My regular doctor referred me with a very strange note. He didn't give me the results of my genetic test, but said the results were in the mail. Then he said he had referred me to GI and they would be calling to set up an appointment, which finally happened today. Then he said (in his note after telling me results were being mailed) that this test was not the test for celiac. LOL :P

I have no idea how to read that. Don't know if I have one of the markers and he wanted me to know that doesn't diagnose celiac (which I already knew)... OR if he was trying to tell me I didn't have genetic markers so I don't have celiac for sure. So hopefully tomorrow I will get that in the mail and at least know what my DQ markers are... not that it will tell me much, other than if I am in the pool of people who can get celiac. Although from what I understand that only covers 98 percent ... or something so there are other markers that are associated to Celiac, in a very very small population. I feel like I'm rambling! :P I know what I'm trying to say, but not sure its coming out right.

It sounds like you're a few steps ahead of me in the process, but its really nice to talk with someone who has the same concerns that I do. I feel like everybody around me just think I'm imagining things, or exagerating... even though 3 of them exhibit symptoms themselves (digestive issues, skin rashes etc.). My husband is being very supportive, but really doesn't understand. Don't think he's ever had a tummy ache in his entire life... let alone the "big D". :blink:

He had 5 days off, and we ate exactly the same foods the entire 5 days and I got sicker than a dog, but he was perfectly fine! I had a really really bad reaction ... I think to eating pasta, and two days later.... I was in really bad shape. So I think that made him realize that something I'm ingesting is toxic to my system, so that helped a little with understanding on his part.

I hope you get the answers you are seeking with your biopsy. Good luck with that, and keep me posted! I'm interested in how you do!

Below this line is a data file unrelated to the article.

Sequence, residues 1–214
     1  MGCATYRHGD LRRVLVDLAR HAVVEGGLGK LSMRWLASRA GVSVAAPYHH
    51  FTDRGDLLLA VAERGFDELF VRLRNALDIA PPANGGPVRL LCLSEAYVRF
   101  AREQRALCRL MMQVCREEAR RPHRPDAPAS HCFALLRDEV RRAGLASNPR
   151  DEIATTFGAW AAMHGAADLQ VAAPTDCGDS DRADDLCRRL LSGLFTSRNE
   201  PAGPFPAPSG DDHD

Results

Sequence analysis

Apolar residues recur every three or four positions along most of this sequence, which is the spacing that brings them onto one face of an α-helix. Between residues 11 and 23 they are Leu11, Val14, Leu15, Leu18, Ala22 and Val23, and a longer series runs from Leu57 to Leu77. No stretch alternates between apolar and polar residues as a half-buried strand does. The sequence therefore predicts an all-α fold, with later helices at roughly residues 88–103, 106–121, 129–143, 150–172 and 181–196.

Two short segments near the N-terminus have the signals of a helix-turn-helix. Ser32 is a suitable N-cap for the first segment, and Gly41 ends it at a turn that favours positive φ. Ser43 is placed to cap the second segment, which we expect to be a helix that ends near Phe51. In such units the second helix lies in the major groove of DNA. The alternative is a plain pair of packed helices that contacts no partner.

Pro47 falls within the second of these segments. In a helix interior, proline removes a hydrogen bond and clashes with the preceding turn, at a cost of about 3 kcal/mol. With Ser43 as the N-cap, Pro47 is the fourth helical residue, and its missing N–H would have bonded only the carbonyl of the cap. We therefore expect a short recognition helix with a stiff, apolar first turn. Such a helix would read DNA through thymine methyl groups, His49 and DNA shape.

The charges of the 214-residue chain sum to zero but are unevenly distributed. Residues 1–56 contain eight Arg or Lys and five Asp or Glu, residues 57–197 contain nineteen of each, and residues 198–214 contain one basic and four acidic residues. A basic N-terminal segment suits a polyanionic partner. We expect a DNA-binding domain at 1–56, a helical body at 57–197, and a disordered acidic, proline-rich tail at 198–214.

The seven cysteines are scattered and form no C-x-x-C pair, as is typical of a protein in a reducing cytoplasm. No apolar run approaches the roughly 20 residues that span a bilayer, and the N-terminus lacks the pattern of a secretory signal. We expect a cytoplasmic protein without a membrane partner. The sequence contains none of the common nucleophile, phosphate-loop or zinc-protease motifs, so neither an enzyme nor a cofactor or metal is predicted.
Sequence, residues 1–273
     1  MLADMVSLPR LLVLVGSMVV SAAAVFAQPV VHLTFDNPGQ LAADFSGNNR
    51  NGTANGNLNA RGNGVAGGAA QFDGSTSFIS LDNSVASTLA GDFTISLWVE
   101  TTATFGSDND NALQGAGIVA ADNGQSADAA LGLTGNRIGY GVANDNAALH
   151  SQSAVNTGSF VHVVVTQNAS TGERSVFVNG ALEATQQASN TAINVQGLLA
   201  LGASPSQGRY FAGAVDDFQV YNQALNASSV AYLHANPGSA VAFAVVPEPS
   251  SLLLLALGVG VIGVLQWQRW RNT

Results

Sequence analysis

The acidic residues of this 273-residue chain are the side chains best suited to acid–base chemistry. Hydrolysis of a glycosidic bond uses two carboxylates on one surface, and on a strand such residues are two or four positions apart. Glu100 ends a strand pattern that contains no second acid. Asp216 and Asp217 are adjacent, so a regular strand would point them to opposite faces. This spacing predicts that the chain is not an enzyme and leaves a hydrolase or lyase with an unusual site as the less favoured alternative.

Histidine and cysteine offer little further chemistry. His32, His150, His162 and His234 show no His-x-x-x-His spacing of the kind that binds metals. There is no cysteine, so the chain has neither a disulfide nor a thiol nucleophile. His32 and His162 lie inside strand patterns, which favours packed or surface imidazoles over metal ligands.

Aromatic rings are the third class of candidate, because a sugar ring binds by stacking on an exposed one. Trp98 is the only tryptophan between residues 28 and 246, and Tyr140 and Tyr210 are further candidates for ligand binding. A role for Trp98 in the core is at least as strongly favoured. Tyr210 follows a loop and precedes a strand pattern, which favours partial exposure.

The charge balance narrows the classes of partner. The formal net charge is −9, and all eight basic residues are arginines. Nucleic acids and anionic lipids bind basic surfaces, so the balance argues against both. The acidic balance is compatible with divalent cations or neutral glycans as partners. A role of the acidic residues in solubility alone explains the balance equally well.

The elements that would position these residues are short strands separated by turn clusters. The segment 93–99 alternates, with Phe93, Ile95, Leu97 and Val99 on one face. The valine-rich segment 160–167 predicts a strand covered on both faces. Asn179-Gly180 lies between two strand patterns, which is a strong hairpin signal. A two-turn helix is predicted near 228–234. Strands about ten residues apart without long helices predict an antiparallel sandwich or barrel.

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So hopefully tomorrow I will get that in the mail and at least know what my DQ markers are... not that it will tell me much, other than if I am in the pool of people who can get celiac. Although from what I understand that only covers 98 percent ...

I personally have a real problem with the idea that 98% of celiacs carry those 2 associated genes. The reason being is that they have not routinely tested all blood and biopsy proven celiacs to see what genes they do carry. IMHO it is very likely that there are a lot more than 2% of us that carry one of the other up to 27 associated genes. Of the 4 diagnosed in my family, 3 by positive blood tests, one by positive blood and biopsy, and myself by elimination and 2 challenges, the second of which almost killed me, not one of us had them order a gene test at diagnosis. I had mine done 5 years after diagnosis because the blood and biopsy positive family member had their gene test done and was told she never was celiac and all the tests and improvement on the diet was false...because she didn't have Dq2 or Dq8. That made me wonder what gene I carry. It also depends on what country you live in what genes are considered celiac associated. Mine while not considered a celiac gene here in the US is considered one in the Far and Middle East. There is a lot to be learned about celiac and about gene testing and gene testing IMHO should not be used to firmly rule celiac out.

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I personally have a real problem with the idea that 98% of celiacs carry those 2 associated genes. The reason being is that they have not routinely tested all blood and biopsy proven celiacs to see what genes they do carry. IMHO it is very likely that there are a lot more than 2% of us that carry one of the other up to 27 associated genes. Of the 4 diagnosed in my family, 3 by positive blood tests, one by positive blood and biopsy, and myself by elimination and 2 challenges, the second of which almost killed me, not one of us had them order a gene test at diagnosis. I had mine done 5 years after diagnosis because the blood and biopsy positive family member had their gene test done and was told she never was celiac and all the tests and improvement on the diet was false...because she didn't have Dq2 or Dq8. That made me wonder what gene I carry. It also depends on what country you live in what genes are considered celiac associated. Mine while not considered a celiac gene here in the US is considered one in the Far and Middle East. There is a lot to be learned about celiac and about gene testing and gene testing IMHO should not be used to firmly rule celiac out.